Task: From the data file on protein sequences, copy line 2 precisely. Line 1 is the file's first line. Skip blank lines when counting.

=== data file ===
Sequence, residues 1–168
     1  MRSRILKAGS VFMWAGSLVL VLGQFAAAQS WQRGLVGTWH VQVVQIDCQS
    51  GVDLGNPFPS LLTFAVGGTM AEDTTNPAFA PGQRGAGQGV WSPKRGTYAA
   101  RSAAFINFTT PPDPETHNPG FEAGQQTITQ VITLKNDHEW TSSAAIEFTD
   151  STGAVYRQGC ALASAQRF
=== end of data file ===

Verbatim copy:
     1  MRSRILKAGS VFMWAGSLVL VLGQFAAAQS WQRGLVGTWH VQVVQIDCQS